AB InBev volumes declined 32% globally in April as the brewer battled on-premise shutdowns and production issues.
The year started with good momentum and delivered volume growth of 1.9% in the first two months excluding China, which experienced the COVID-19 outbreak beginning in late January.
The impact of COVID-19 on AB InBev’s results increased significantly toward the end of the quarter. Social distancing and lockdown measures were put in place in most of its markets starting in mid-March 2020.
This had a disproportionately negative effect on the on-premise channel, which represented approximately one-third of its global volume last year.
The e-commerce channel has accelerated its growth meaningfully, although it still only represents a small portion of total volume.
Consequently, total AB InBev volumes declined by 9.3% in 1Q20 and by 3.6% excluding China.
The loss in volume contributed to a revenue decline of 5.8%, which was partially offset by revenue per hl growth of 3.9%.
Combined revenues of its three global brands, Budweiser, Stella Artois and Corona, declined by 11% globally and by 17.5% outside of their respective home markets. Growth across the majority of markets was more than offset by AB InBev volumes declining in China, which is the largest market for both Budweiser and Corona outside of their respective home markets.
AB InBev said the full impact of the COVID-19 pandemic on its future results “remains uncertain”.
“We expect that the impact on our 2Q20 results will be materially worse than in 1Q20 given the widespread social distancing measures and government restrictions currently in place,” the company said.
“This has already become evident in our April 2020 global volumes, which declined by approximately 32%, primarily driven by the closure of the on-premise channel in most markets and government restrictions imposed on certain operations in connection with the COVID-19 pandemic.”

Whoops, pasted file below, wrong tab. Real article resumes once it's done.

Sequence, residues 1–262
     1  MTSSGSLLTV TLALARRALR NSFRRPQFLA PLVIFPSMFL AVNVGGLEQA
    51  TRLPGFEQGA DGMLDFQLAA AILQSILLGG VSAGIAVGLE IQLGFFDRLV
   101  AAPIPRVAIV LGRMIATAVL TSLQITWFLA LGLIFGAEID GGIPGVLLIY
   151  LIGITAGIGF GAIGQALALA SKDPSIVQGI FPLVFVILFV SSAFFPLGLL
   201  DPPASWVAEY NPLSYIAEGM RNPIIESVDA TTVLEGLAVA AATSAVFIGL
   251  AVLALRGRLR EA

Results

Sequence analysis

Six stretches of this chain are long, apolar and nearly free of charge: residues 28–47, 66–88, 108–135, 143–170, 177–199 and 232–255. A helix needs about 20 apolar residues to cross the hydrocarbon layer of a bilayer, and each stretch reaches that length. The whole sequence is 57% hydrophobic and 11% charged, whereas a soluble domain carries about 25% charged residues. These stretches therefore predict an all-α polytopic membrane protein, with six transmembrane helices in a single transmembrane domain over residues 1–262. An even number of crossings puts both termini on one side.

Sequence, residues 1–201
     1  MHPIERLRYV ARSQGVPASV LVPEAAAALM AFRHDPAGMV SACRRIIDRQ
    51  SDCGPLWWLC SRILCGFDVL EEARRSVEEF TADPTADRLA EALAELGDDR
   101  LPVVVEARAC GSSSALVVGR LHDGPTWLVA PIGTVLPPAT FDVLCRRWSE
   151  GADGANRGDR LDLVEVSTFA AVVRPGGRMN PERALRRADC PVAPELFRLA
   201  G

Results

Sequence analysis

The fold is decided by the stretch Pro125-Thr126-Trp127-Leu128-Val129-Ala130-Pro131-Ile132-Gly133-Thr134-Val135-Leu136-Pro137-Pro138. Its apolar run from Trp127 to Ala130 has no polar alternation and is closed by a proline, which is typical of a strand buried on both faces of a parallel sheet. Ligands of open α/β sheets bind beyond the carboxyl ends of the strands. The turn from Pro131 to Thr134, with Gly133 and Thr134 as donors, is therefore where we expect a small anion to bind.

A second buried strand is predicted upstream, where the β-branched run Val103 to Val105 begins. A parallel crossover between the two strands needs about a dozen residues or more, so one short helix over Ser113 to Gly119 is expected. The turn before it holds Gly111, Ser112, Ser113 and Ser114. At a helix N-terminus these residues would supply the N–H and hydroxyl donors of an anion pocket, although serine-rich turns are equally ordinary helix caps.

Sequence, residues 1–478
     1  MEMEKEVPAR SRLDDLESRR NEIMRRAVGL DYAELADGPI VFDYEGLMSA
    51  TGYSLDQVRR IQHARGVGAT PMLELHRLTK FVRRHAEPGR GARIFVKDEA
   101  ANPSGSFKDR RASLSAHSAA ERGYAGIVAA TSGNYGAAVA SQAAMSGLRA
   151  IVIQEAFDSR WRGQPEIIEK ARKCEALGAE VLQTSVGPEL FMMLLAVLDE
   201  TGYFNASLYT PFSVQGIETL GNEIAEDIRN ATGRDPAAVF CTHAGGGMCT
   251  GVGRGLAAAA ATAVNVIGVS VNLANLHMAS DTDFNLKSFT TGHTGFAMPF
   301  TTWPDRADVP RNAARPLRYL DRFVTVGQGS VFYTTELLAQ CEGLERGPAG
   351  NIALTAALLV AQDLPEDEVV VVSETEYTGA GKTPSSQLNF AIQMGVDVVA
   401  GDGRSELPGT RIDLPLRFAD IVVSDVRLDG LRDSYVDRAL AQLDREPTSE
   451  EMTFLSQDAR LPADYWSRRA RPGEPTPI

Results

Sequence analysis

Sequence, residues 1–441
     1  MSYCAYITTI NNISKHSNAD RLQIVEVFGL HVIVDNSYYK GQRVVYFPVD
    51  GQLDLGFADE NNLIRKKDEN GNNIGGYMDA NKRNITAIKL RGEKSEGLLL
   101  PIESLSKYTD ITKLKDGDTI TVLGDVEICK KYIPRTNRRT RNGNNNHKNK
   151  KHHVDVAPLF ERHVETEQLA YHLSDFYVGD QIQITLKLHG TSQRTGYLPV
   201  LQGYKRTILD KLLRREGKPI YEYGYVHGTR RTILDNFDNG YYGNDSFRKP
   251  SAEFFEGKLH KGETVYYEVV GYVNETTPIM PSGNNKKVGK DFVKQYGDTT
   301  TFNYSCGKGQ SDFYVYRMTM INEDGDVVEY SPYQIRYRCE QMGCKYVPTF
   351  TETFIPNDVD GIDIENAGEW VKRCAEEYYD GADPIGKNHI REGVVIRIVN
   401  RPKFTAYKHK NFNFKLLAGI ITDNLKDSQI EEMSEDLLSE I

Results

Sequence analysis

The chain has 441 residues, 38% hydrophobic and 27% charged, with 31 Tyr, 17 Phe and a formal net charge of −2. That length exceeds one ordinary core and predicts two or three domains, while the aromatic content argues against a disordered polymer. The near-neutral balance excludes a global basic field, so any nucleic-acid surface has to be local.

The brewer has faced government-mandated production shutdowns in Mexico, South Africa and Peru.
Brewer cuts marketing spend
AB InBev said that it is re-examining its discretionary spending, halting new product launches and promotions and upping its investment in e-commerce.
“We’re taking a hard look at sales and marketing and trying to put the money in channels and products that consumers are demanding more,” Brito said.
“So trying to put more money behind e-commerce initiatives, direct-to-consumer initiatives. More money for ensuring the off-trade, more money behind bigger packs; trying to promote less because today, there’s no need for that; trying to phase out some product new introductions, innovations because at this point, it doesn’t make sense to do introductions; trying also to curb some media spend and put more online; so trying to be more in tune with consumers and trends so we allocate resources in a more effective way.”
The brewer is also revising its sport sponsorships.
“If the season is delayed it doesn’t make sense to spend money now, and if there will be no season we are not going to spend any money,” Brito said. “We will have to see how we do with the contract terms — what we are trying to do is find solutions that are win-win for the leagues.”
Bud Light Seltzer drives sales
Bud Light Seltzer launched in January with a 12-pack variety pack and 6-packs of its four flavours. The launch boosted AB InBev’s hard seltzer portfolio by 600%. Prior to Bud Light Seltzer, the company’s hard seltzer offerings included Bon & Viv Spiked Seltzer and Natural Light Hard Seltzer, as well as a few hard seltzers produced by its craft arm, the Brewers Collective.
Since its launch, Bud Light Seltzer has earned $66.1 million, according to market research firm IRI, which tracks off-premise sales in grocery and convenience stores. By comparison, category leader White Claw earned $41.2 million in the week that ended April 26, according to IRI.
AB InBev recently launched CUB’s first white spirit RTD in 25 years, Actual seltzer, in Australia.
Actual Vodka Seltzer is made with 100% natural ingredients to a vegan recipe. There are two varieties, pure and lime. Pure has no sugar and 65 calories, while lime is low in sugar and contains 69 calories.
Australia’s Foreign Investment Review Board approved Asahi’s acquisition of CUB earlier this month from AB InBev. The deal is expected to complete on June 1.